On the strength of its experience in the semiconductor business, 40-30 is able to apply its expertise in numerous industries, including the aerospace, farming, automotive, chemicals, pharmaceuticals and photovoltaic sectors.
The company has nine operating sites in France, as well as an international branch in Singapore. 40-30 has a turnover of €20m and employs 210 staff.
Appreciating the classical elegance of time crystals
20.09.2019 | ETH Zurich Department of Physics
'Nanochains' could increase battery capacity, cut charging time
20.09.2019 | Purdue University
How long the battery of your phone or computer lasts depends on how many lithium ions can be stored in the battery's negative electrode material. If the battery runs out of these ions, it can't generate an electrical current to run a device and ultimately fails.
Materials with a higher lithium ion storage capacity are either too heavy or the wrong shape to replace graphite, the electrode material currently used in...
To process information, photons must interact. However, these tiny packets of light want nothing to do with each other, each passing by without altering the...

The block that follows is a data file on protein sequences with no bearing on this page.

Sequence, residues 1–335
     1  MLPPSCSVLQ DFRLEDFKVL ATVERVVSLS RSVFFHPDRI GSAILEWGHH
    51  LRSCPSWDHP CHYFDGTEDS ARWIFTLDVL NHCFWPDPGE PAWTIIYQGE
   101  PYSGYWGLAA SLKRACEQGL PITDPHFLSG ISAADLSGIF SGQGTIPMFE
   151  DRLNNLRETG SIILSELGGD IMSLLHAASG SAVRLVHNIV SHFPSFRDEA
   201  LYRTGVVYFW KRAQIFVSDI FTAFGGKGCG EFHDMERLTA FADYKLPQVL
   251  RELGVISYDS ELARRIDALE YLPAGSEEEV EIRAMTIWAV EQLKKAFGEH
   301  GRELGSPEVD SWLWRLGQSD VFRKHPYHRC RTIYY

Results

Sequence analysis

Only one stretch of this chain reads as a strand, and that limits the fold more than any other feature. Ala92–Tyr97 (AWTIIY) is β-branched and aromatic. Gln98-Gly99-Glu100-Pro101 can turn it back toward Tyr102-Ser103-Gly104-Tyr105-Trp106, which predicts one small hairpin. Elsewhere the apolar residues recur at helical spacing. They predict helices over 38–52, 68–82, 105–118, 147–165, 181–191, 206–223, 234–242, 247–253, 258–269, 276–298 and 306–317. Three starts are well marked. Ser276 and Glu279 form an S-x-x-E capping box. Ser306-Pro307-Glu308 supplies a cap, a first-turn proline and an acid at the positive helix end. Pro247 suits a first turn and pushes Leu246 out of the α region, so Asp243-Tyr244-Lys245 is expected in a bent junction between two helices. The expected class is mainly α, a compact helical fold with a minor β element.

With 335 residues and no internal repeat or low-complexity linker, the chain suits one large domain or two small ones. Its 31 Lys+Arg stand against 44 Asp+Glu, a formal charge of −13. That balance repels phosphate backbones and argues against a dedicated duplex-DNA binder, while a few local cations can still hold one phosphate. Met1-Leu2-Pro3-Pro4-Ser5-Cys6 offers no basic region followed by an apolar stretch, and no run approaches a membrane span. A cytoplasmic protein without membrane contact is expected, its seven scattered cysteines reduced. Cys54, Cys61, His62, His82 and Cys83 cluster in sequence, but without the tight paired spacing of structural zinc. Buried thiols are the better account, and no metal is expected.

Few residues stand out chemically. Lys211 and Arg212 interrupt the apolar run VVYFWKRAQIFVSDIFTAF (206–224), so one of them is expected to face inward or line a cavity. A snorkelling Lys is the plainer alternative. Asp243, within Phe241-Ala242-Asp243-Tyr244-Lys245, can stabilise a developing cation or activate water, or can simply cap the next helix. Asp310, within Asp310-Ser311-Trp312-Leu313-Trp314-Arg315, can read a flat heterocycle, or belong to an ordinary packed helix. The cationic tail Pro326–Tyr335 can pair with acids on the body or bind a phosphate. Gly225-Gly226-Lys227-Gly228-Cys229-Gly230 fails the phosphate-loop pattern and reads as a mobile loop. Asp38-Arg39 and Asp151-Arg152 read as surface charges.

Researchers from the Department of Atomically Resolved Dynamics of the Max Planck Institute for the Structure and Dynamics of Matter (MPSD) at the Center for Free-Electron Laser Science in Hamburg, the University of Hamburg and the European Molecular Biology Laboratory (EMBL) outstation in the city have developed a new method to watch biomolecules at work. This method dramatically simplifies starting enzymatic reactions by mixing a cocktail of small amounts of liquids with protein crystals. Determination of the protein structures at different times after mixing can be assembled into a time-lapse sequence that shows the molecular foundations of biology.
The functions of biomolecules are determined by their motions and structural changes. Yet it is a formidable challenge to understand these dynamic motions.
At the International Symposium on Automotive Lighting 2019 (ISAL) in Darmstadt from September 23 to 25, 2019, the Fraunhofer Institute for Organic Electronics, Electron Beam and Plasma Technology FEP, a provider of research and development services in the field of organic electronics, will present OLED light strips of any length with additional functionalities for the first time at booth no. 37.
Almost everyone is familiar with light strips for interior design. LED strips are available by the metre in DIY stores around the corner and are just as often...
Later during this century, around 2060, a paradigm shift in global energy consumption is expected: we will spend more energy for cooling than for heating....
19.09.2019 | Event News
10.09.2019 | Event News
04.09.2019 | Event News
20.09.2019 | Life Sciences
20.09.2019 | Life Sciences
20.09.2019 | Life Sciences